Isn't it a bit too pretentious to judge how other people have fun? You're coming off from a moral stand point and morality is subjective, so there's no point.

    It's not a contradiction. Whatever is valuable for someone, is valuable for them. That much is true. But it can be anything, including playing games naked with cheetos dust all over the genitals.

    So there is no category of "valued responsibilities" with distinct members in it.

    Think of the category "animals" or "plants". If you thing "elephant", it's clear that it belongs to "animals" and it does not belong to "plants". But there's no such distinction for "valued responsibility". Therefore it is meaningless, other than the triviality of "X is high on my list of priorities".

    Not making a choice is also a choice. Like when you go shopping for a car. You get into the store and you can:

    • buy the car
    • not buy the car
    • not buy any car at all
     
  17. Purush

    Purush Jr. VIP Jr. VIP

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    No I won't work. If I am sure.
     
  18. oatmeal

    oatmeal Power Member

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    Not talking about what people do for fun. I'm talking about when it becomes a problem because they have nothing better else to do. It's not subjective. If playing
    videos games all day is your thing (without pay), that doesn't mean you can justify it as being "valuable" because it's their subjective choice. No. There are lines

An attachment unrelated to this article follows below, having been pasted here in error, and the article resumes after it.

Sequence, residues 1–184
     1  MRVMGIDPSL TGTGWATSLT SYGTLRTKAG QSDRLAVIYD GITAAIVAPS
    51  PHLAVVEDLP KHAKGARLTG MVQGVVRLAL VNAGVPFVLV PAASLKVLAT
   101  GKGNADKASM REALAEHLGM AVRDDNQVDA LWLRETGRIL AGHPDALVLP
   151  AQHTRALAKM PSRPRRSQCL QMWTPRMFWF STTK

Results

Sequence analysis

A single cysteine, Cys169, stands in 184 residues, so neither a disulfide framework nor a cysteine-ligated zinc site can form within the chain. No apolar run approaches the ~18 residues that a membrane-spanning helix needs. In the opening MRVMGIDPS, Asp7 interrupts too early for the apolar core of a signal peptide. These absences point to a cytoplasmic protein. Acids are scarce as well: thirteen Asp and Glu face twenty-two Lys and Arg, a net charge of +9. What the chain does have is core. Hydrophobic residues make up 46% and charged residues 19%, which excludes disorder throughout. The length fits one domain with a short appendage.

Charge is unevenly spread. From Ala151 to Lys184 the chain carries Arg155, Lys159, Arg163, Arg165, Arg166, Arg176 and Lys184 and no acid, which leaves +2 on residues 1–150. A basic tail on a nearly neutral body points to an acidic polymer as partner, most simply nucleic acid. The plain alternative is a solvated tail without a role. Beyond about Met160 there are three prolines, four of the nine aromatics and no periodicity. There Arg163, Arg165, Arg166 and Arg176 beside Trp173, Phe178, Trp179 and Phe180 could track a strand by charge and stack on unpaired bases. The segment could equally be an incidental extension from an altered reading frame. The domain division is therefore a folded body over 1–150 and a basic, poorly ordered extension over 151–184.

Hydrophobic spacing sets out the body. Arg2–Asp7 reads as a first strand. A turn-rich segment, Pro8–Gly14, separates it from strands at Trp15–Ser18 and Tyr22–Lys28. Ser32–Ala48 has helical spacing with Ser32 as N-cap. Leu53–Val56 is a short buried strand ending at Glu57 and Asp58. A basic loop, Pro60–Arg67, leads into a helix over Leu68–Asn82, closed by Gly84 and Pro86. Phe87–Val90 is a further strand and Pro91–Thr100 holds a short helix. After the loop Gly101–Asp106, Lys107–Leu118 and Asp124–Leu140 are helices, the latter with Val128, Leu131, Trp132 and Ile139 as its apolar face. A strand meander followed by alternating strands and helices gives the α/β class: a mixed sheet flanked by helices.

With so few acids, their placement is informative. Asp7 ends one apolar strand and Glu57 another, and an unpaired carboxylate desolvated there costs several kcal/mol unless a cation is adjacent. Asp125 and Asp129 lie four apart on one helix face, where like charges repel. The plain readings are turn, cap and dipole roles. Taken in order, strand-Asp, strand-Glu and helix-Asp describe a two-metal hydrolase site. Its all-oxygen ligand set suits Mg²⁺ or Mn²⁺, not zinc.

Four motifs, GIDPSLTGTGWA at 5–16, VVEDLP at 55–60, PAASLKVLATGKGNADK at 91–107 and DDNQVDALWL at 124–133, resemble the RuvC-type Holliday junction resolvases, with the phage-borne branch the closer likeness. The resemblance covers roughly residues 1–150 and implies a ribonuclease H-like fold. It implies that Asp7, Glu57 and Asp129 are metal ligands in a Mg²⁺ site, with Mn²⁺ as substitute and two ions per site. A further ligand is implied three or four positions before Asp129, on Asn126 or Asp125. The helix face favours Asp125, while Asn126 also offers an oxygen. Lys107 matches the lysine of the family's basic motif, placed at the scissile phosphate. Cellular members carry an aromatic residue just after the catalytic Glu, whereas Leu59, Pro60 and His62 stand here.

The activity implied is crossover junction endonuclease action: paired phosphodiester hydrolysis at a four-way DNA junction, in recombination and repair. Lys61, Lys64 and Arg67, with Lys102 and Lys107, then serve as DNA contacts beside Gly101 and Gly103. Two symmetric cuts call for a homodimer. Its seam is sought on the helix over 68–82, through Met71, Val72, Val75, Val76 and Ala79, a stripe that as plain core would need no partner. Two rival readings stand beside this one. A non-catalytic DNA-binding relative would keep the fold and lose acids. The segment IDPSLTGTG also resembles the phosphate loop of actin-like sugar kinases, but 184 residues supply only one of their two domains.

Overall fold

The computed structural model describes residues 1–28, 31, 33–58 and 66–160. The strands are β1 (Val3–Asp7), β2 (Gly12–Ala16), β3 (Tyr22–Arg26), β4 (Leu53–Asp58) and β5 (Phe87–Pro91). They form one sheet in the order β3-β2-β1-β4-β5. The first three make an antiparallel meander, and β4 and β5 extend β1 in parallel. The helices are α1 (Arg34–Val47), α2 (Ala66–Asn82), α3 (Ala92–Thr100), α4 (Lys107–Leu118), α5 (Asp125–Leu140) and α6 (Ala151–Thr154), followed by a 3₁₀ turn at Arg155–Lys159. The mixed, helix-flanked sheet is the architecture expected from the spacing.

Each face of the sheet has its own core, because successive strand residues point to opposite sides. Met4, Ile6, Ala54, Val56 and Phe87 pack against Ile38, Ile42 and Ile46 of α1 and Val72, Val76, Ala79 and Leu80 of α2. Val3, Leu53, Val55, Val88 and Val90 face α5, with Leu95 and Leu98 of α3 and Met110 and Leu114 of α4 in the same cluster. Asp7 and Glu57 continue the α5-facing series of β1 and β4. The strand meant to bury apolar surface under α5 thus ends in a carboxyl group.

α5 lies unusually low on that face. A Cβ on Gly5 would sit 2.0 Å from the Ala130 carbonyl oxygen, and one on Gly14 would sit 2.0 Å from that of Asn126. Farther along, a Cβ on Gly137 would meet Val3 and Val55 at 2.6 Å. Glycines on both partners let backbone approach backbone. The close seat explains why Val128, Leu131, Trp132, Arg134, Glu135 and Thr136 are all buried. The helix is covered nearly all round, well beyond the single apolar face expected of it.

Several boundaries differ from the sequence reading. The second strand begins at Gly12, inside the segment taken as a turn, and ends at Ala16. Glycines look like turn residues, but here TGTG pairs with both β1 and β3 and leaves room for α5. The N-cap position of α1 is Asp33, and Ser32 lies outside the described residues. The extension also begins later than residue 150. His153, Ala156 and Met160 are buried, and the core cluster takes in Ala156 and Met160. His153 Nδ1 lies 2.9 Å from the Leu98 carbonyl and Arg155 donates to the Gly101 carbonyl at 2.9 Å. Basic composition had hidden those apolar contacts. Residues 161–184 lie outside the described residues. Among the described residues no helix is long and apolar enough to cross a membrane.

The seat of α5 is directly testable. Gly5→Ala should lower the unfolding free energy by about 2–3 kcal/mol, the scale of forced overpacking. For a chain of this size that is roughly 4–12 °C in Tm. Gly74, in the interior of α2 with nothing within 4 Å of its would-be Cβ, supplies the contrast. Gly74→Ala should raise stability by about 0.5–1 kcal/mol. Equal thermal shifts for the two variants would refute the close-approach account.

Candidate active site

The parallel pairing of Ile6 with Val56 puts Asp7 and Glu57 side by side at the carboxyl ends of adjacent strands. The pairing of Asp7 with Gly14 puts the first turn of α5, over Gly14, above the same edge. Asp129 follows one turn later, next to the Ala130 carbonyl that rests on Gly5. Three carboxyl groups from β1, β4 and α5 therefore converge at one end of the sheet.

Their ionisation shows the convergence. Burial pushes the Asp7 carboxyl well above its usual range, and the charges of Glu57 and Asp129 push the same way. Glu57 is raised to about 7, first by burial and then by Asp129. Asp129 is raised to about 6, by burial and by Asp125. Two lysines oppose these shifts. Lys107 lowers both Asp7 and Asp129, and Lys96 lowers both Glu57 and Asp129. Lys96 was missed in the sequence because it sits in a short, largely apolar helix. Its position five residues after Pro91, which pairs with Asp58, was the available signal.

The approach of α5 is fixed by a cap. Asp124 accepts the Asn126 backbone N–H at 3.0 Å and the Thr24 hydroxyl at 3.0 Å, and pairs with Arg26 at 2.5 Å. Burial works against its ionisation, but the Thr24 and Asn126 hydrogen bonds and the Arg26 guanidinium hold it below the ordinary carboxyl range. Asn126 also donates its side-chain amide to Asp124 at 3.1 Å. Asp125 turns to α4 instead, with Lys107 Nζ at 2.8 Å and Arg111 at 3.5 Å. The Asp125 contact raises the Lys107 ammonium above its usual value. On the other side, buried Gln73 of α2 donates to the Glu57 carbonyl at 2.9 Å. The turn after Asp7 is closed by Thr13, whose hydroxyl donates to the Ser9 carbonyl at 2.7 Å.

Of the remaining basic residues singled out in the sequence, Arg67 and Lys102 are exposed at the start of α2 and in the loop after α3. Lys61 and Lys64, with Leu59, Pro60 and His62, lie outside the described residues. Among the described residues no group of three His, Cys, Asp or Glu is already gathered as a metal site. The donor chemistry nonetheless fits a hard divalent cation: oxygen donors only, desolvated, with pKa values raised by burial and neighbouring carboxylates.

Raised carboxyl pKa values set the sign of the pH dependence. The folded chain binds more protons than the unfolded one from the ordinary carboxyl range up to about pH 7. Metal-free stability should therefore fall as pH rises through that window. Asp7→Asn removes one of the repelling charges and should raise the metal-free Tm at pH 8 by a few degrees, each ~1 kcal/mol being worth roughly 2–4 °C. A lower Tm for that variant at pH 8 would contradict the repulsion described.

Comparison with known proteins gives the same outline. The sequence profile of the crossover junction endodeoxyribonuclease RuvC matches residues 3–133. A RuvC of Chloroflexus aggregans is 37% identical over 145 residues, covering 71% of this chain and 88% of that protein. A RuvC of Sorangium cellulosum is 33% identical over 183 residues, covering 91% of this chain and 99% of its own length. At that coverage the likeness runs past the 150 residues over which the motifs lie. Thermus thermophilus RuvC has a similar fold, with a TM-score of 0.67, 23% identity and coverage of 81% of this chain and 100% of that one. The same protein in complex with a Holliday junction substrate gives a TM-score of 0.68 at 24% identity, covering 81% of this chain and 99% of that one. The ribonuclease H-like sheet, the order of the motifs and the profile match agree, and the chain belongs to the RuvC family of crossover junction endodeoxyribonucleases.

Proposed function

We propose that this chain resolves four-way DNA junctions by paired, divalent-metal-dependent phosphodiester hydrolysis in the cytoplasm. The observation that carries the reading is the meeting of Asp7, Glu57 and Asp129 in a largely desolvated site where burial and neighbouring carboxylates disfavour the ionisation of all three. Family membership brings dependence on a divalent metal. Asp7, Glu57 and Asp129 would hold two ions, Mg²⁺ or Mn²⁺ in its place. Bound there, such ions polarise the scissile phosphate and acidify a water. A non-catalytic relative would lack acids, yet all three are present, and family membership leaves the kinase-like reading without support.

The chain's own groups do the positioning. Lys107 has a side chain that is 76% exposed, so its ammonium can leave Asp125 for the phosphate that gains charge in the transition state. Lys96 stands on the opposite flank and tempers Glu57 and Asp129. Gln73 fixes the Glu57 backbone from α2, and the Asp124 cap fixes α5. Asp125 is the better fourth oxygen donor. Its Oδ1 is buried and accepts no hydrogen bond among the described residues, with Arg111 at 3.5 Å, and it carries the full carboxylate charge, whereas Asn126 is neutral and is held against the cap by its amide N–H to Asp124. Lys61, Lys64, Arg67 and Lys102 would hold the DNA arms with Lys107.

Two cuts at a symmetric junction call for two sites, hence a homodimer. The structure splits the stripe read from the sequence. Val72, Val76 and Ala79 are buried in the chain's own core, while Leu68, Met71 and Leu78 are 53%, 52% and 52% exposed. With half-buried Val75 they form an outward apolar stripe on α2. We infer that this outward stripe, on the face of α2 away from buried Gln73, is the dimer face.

to be drawn and anyone can tell you that is not productive nor is it healthy, good for you, your family, etc. People need to have valuable production, meaning,
    and responsibilities otherwise they will not care or bother to carry a load.



    I will choose to disagree. Whatever is valuable to someone is valuable to them? Not true. There are clearly cases where something that is valuable to someone is
    just outright wrong. We cannot simply just say, 'well,it's valuable to them so it must be a good thing'. People can do a lot of harmful, hurtful, illegal, dangerous, wreckless,
    things and it may be valuable to them but it doesn't mean it really is valuable responsibility. That would be valuable irresponsibility.


    [/QUOTE]
    Not making a choice is also a choice. Like when you go shopping for a car. You get into the store and you can:

    • buy the car
    • not buy the car
    • not buy any car at all
    [/QUOTE]